Review for The Samurai Trilogy - Samurai I, II & III
I’m always happy to review a Criterion disc. In the Blu-Ray and DVD collecting community, especially in the US, it’s become synonymous with high quality transfers of high quality films – often with wonderful contextual extras. Of course. ‘The Samurai Trilogy’ is no exception, though is surprisingly light on extras.
Watching ‘The Samurai Trilogy’ for the first time, I was surprised how melodramatic it was; a veritable potboiler on an epic scale, having more in common with ‘Gone with the Wind’ than ‘Enter the Dragon’. Although there are some very decently choreographed fight scenes, this trilogy is less martial arts than it is rites of passage; a road movie of sorts, full of tales of unrequited love, double dealings and injustice. In other words, wildly entertaining.
It’s also an incredibly consistent trilogy in much the same way that ‘Lord of the Rings’ was, for example; planned and cast as a trilogy from the outset. In that regard, the films seem more like a single narrative than separate parts and it can be viewed in much the same way as a box-set series might today.
Each of the films are directed by Hiroshi Inagaki and star Toshiro Mifune, a big star from the 1950’s both in Japan and in the USA, 1950s, in the ‘title role’ as the would-be Samurai on his journey to enlightenment.
Based on a popular post-war novel, it’s a veritable saga loosely based on the story of a legendary seventeenth-century swordsman, writer, and sculptor – Mushashi Miyamoto, travelling from his miss-spent outsider youth to his final battle and enlightenment.
Samurai I - Musashi MiyamotoIn the first part of the epic Samurai Trilogy, released in its homeland in 1954, not long after the end of World War Two and a humiliating national defeat, as well as the horrors of Hiroshima and Nagasaki, this epic return to core Japanese values proved to be a big success, winning an Academy Award as the best foreign film of 1955.
It does have an epic quality from the very start with a large cast, a rich, orchestral score and ambition and scope that exuded spend.
Toshiro Mifune is perfectly cast in the title role; moody, silent and an imposing physical figure too.
Seeing an army platoon marching through his village, he decides that he should join up and become a hero. He and a friend both join up together, though it isn’t long before they realise that life in the Imperial army isn’t all its cracked up to be. When the enemy overwhelms his platoon, he decides to stay and fight to the bitter end events mean that he himself is soon on the run – a fugitive despite his very best efforts for his country.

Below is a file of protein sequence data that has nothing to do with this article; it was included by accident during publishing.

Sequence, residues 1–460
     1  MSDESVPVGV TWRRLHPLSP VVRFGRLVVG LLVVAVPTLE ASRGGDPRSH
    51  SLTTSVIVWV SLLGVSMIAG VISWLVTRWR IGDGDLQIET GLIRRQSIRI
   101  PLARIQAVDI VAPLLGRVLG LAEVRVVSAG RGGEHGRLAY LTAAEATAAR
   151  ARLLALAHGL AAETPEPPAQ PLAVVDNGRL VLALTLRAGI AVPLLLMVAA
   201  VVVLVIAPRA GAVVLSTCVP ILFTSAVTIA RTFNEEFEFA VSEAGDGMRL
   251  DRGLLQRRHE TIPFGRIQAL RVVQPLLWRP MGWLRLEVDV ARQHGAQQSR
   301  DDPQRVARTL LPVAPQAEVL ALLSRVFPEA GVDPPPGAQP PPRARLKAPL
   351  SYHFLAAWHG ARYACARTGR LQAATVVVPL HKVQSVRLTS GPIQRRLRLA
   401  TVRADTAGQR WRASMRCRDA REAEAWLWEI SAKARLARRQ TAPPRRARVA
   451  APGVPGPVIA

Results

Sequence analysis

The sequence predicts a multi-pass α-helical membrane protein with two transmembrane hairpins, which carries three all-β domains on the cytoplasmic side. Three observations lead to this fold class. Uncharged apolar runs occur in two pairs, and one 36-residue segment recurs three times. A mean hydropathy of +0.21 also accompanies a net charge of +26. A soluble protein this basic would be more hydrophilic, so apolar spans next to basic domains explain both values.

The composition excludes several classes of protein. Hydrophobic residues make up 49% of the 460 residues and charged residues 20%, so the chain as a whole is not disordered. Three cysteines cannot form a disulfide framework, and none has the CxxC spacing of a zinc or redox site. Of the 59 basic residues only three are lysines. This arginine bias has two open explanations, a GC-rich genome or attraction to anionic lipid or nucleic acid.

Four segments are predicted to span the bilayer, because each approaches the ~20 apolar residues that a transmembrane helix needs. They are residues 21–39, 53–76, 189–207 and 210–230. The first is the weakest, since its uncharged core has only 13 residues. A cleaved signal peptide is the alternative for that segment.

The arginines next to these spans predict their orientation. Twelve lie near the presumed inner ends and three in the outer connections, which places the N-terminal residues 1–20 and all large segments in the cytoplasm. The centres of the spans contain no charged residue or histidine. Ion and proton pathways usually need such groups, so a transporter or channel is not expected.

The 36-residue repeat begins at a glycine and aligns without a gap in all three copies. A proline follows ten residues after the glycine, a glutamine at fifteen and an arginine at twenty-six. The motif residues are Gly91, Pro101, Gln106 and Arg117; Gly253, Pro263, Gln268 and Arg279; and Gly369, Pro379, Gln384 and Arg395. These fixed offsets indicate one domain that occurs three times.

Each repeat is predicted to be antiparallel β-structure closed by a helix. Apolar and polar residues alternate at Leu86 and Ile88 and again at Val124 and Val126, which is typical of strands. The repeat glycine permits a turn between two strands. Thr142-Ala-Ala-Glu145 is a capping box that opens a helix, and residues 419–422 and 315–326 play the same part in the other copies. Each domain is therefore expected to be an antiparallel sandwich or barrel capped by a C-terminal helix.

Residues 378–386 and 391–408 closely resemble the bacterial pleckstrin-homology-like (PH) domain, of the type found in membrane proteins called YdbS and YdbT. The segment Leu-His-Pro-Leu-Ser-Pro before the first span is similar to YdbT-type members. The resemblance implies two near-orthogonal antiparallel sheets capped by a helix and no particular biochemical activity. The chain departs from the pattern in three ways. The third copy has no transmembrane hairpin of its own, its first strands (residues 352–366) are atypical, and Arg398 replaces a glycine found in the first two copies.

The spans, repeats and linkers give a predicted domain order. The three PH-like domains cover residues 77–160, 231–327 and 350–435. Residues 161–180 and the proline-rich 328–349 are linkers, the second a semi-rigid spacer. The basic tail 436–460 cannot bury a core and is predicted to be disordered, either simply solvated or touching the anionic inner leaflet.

But like all great men, he is saved by a beautiful woman and a priest who recognises in him the qualities of a great warrior and who sets him on a path to become a true Samurai.
Samurai II - Duel at Ichijoji Temple
Musashi Miyamoto continues his journey, despite the unrequited devotions of two beautiful women, Otsu (Kaoru Yachigusa) and Akemi (Mariko Okada), who each make sacrifices of their own to be near him, despite the fact that they know that he has chosen the way of the sword over his love for them.
The second part of the trilogy has perhaps the most action. There is a scene, for example, that could conceivably rival ‘Enter the Dragon’ for sheer scale, when Miyamoto takes on about fifty warriors at once – eventually beating them all. Perhaps this was what started that whole sub-genre?
The cinematography (Jun Yasumoto) is often stunning, equalling the very best Hollywood films of the time, and the music, whilst orchestrally expansive, in common with a John Ford Western score for example, is spectacular. It just feels so big and epic.
Though romance takes second fiddle to the action here, as Mushahi matures as a warrior to beyond mere power and anger, there is still enough to keep the film on path – and there is plenty ore melodrama to come in part three.
Samurai III –Duel at Ganryu Island
The film starts with a Musashi getting back in touch with his softer side and trying not to be merely ‘powerful’, To achieve this he has relinquished his Samurai path and become a humble farmer in a remote village. In the meantime, his nemesis Kojiro (Koji Tsuruta) now officiually serves the Shogun, the ultimate goal for any Samurai.
When warlords wreak havoc in his village, it proves too much for Musashi and he reluctantly returns to fighting to bring justice. In the meantime, Kojiro is waiting for a promised final face-off. He knows that Musashi is is his only living opponent worth of such a battle. Musahi understands this too – that a final battle between the two is all but inevitable.
Eventually, the date is agreed. With not one, but two women watching for what happens next, Musashi knows that he must hold his sword again.
Image quality throughout is stunning. The transfers are almost flawless and the high-definition re-mastering is really impressive. Presented in their original, 4:3 format, it’s almost unimaginable that you would find a better version than these.
The only extras included on this two-disc set (with the first two films on one disc and the third on the second) is a 10 minute chunk per movie of a single interview with translator and historian William Scott Wilson about the real-life Musashi Miyamoto, the inspiration for the hero of the films.
There are also trailers and a printed booklet featuring new essays by film historian Stephen Prince and William Scott Wilson.
A really stunning set that anyone with an interest in classic Japanese cinema should get hold of. You won’t be disappointed.